GEOSCAN, résultats de la recherche


TitreCharacterization of the upper mantle beneath the Archean Slave Craton using teleseismic methods
AuteurBank, C -G; Bostock, M G; Ellis, R M; Cassidy, J F
SourceSeismological Research Letters vol. 70, 1999, 1 pages
Séries alt.Secteur des sciences de la Terre, Contribution externe 20090166
RéunionSeismological Society Of America Annual Meeting; US; 1999
Documentpublication en série
Mediapapier; en ligne; numérique
ProvinceTerritoires du Nord-Ouest
SujetsArchéen; structure de la croûte; croûte continentale; études de la croûte; lithosphère; évolution tectonique; milieux tectoniques; interprétations tectoniques; interpretations sismiques; levés sismiques; Craton de Slave ; tectonique; géophysique; Précambrien
Résumé(disponible en anglais seulement)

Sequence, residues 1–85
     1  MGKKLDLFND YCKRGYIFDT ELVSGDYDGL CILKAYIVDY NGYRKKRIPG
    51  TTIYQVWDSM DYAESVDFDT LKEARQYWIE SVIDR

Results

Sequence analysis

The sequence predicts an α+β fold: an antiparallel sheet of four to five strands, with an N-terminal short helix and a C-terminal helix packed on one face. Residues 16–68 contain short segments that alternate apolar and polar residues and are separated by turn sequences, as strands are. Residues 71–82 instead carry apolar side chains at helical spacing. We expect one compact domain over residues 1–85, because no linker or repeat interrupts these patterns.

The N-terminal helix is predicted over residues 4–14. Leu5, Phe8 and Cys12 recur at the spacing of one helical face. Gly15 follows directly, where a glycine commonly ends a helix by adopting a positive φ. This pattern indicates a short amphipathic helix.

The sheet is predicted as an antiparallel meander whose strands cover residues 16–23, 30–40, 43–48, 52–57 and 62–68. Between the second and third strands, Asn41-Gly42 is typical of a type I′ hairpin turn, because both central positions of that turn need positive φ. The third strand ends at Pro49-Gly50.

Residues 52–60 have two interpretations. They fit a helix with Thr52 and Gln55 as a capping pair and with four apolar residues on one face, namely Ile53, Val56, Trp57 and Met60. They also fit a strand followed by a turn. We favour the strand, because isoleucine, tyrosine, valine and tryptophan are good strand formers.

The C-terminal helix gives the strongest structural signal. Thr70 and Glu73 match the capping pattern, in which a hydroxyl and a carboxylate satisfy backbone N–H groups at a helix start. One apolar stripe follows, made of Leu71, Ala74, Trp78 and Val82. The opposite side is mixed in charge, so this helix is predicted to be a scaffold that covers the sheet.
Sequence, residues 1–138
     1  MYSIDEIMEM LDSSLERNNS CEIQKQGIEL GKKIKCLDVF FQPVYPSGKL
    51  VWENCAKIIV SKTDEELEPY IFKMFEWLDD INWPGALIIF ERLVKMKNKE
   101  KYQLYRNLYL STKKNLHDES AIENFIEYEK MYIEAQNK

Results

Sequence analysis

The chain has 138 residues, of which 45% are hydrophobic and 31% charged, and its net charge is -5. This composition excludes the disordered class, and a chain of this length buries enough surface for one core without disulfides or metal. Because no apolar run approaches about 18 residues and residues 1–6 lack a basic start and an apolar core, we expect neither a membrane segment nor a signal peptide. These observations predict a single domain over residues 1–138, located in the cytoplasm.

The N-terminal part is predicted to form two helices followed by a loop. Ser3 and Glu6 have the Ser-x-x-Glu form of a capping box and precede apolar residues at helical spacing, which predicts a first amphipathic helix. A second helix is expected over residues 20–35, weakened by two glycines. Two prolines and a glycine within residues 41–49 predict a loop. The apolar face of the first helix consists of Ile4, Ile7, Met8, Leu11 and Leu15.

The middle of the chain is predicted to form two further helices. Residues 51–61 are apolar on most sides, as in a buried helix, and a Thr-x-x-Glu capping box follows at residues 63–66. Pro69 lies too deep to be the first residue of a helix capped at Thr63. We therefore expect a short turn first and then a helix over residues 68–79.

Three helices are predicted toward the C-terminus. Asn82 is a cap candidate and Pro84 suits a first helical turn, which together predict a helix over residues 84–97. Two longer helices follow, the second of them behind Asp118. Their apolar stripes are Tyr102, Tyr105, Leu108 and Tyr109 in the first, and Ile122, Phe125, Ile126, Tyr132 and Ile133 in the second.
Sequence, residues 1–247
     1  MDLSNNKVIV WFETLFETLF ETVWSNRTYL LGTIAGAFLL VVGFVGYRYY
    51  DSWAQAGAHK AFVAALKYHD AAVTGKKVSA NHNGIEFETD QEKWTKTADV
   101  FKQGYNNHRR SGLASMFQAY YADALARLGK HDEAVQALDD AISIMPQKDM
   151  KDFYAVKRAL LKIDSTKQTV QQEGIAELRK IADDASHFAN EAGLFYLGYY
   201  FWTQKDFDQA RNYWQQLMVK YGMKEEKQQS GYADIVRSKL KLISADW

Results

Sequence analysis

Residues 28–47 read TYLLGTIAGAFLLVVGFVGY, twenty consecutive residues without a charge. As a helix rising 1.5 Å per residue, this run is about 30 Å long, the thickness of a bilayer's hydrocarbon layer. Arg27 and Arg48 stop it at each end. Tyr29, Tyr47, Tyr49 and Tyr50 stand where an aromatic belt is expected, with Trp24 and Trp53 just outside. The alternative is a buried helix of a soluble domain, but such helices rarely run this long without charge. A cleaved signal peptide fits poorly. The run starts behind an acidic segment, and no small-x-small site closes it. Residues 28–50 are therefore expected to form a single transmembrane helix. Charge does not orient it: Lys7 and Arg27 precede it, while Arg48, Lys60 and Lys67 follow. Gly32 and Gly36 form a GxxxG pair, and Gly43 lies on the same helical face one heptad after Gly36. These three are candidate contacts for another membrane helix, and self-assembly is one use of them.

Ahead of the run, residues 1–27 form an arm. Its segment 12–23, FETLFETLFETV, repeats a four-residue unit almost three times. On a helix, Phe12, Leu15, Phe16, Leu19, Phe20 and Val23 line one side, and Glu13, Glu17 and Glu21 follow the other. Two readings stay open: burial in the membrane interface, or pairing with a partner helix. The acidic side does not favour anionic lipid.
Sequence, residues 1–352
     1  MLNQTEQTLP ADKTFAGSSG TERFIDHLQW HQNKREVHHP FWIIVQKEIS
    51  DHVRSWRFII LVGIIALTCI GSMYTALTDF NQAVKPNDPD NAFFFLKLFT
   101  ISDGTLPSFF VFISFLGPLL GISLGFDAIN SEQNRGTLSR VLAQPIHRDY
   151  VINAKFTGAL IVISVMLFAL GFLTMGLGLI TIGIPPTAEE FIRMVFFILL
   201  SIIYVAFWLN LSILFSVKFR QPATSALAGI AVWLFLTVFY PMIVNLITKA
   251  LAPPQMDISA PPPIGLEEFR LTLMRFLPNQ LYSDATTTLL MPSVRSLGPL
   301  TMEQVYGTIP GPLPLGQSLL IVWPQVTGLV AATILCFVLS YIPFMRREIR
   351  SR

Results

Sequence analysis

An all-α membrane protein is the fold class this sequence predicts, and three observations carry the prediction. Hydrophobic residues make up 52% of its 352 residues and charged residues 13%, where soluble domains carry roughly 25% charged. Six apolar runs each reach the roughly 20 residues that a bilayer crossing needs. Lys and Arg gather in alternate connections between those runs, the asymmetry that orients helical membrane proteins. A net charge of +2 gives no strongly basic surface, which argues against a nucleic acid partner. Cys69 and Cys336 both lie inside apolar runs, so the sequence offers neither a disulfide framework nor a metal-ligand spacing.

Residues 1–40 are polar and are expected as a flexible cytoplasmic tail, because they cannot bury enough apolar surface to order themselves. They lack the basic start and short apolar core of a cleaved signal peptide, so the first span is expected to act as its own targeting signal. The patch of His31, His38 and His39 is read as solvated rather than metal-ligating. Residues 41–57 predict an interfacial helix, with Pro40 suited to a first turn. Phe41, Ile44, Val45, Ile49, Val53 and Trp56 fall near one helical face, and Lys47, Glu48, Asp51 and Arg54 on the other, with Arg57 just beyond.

A temporary array, consisting of 13 broadband seismic stations, recorded teleseisms between November 1996 and May 1998. This data set has been augmented by recordings from the Yellowknife seismic array. The objective of our study is to determine upper mantle structure below the Archean Slave craton, site of the oldest known rocks on Earth and numerous diamondiferous kimberlites, and thence to gain an understanding of early crust formation and kimberlite genesis. Tomographic travel-time inversion indicates variations in P-wave velocity of up to 3%. A high velocity anomaly underlies much of the oldest portion of the Slave craton (the Anton terrane), and extends to near 250 km depth. We interpret this to represent the approximate thickness of the cool subcratonic lithosphere, in agreement with results from magnetotelluric and petrological studies. Low velocities occur along an E-W trending corridor near 65N, and may be associated with kimberlite magmatism in the Lac de Gras area. SKS-splitting analysis yields moderate delay times (~1s), and fast directions at all stations that are approximately parallel to the plate motion of North America. This direction is oblique to the Bathurst Fault and MacKenzie dike swarms, suggesting that neither continental collision to the east nor plume interaction to the north has had major effect on the bulk lithospheric fabric beneath the Slave province. A scatter in splitting direction of 30 degrees for events from varying azimuths may be due to complex anisotropic stratification known to occur in the mantle beneath Yellowknife. Simultaneous deconvolution of P-coda for receiver functions reveals a Moho depth ranging from 36 to 42km within the Slave craton. P-to-S conversions from the 410 km and 660 km discontinuities can be identified at several stations and where present are $\sim$1s faster than predicted by IASP91. This is in accordance with high absolute velocities generally observed for upper mantle beneath cratons.